Racing for the Cure
Susan G. Komen for the Cure is a world leader in the fight against cancer.
Runners line up for the 2009 Texarkana Race for the Cure.
In 1980, a woman named Nancy Goodman Brinker made a promise to her dying sister – and changed history.
The promise was to take up the fight against the breast cancer that took Susan Komen’s life. And she kept her promise in spectacular fashion.
Since Brinker founded it in 1982, the Dallas-based Susan G. Komen for the Cure has become a world leader in the fight against the disease, raising and investing $1.5 billion for breast cancer research and education. The organization has committed itself to investing an additional $2 billion by 2017 to help eradicate the disease.
At the heart of the organization’s awareness building and fundraising efforts are its Race for the Cure events, charity races that attract more than 1.5 million participants annually.
Steps Across Texas
Texas is home to 13 Susan G. Komen affiliate offices, including Houston’s, the world’s largest. Their Race for the Cure events raise millions of dollars annually, with at least 75 percent of the net income spent in their own service areas.
In 2008, the Dallas affiliate’s Race for the Cure and other events raised more than $2 million, $1.8 million of which was used to provide screening, treatment and educational programs to the underserved population in Dallas County. The Dallas Race, which began in 1983 with 800 participants, has grown to 25,000 runners annually.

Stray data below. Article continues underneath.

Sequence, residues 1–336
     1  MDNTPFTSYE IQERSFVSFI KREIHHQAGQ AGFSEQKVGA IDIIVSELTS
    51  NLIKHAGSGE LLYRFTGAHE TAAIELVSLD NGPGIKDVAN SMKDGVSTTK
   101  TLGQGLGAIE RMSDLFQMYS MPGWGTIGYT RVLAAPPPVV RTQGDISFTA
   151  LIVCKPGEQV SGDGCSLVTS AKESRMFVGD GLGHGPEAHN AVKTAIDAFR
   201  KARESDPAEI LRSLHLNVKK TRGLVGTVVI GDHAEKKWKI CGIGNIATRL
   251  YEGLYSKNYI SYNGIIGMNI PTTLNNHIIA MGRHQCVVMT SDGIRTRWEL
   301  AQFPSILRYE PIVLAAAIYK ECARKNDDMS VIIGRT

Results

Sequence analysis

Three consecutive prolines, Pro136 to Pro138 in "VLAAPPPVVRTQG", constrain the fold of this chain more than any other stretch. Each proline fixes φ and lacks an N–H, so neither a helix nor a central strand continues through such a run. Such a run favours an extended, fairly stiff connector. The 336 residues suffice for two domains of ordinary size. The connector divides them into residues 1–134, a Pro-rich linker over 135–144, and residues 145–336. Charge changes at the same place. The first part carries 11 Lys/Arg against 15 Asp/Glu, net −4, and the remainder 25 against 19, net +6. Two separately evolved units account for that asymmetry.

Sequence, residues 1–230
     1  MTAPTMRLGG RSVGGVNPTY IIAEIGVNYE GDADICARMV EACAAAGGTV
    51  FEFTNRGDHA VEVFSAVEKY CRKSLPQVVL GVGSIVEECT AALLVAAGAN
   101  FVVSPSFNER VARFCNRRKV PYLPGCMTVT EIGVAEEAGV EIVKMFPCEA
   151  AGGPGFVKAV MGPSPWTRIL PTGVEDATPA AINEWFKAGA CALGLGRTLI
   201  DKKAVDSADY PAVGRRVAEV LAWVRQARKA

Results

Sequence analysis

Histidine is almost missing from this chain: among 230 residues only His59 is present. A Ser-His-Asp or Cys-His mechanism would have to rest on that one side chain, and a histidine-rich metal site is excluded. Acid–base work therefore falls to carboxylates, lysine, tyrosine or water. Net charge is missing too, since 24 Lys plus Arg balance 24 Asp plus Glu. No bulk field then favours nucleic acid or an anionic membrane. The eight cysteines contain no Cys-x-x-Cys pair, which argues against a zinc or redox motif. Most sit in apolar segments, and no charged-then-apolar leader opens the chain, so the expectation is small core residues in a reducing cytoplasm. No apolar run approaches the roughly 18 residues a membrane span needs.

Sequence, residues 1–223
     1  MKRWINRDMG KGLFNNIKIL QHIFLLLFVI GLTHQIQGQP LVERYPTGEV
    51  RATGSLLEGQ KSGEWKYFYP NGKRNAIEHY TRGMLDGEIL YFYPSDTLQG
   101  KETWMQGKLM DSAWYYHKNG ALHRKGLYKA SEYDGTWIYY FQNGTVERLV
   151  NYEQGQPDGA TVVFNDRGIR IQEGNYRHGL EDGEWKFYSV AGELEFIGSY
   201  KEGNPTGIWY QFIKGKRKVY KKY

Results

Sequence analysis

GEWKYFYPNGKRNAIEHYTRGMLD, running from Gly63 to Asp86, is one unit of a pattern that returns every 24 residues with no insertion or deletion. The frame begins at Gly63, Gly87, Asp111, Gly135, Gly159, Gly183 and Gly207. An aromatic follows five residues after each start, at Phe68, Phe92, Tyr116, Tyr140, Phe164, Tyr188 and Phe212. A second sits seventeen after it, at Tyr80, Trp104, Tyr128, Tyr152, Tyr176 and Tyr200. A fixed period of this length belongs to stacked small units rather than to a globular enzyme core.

The Houston Komen affiliate serves a seven-county area and is on track to award $3 million in grants in 2009. Since its inception in 1990, it has provided more than $19 grants in its area. Its race attracts more than 30,000 runners each year.
Race for Dollars
One hundred-thirty Susan G. Komen affiliate offices around the world hold Race for the Cure events each year. Three-quarters of the revenue raised remains in the community the affiliate serves. The races generated nearly $745 million between 2003 and 2008.
Race for the Cure Revenues
When Texarkana’s affiliate opened in 1998, it was the smallest city approved as a race site. But the event has grown steadily, from 3,300 participants in 1998 to 8,200 in 2008.
“Our focus on race day is making it about the survivors,” says Terrie Arnold, executive director for the Texarkana Komen affiliate. The proceeds go in part to a program at the University of Arkansas for Medical Sciences that provides mammograms for uninsured and underinsured women.
In 2009, Texarkana’s affiliate has raised about $400,000, down by $22,000 from the previous year, for breast cancer education and screening programs. Arnold says the economic slump has hurt some area businesses that support the charity.
In addition to the race, the Texarkana affiliate supports a local Girl Scouts mother-daughter day, in an effort to raise awareness about the disease among young women.
“More and more people are being touched by breast cancer,” Arnold says. FN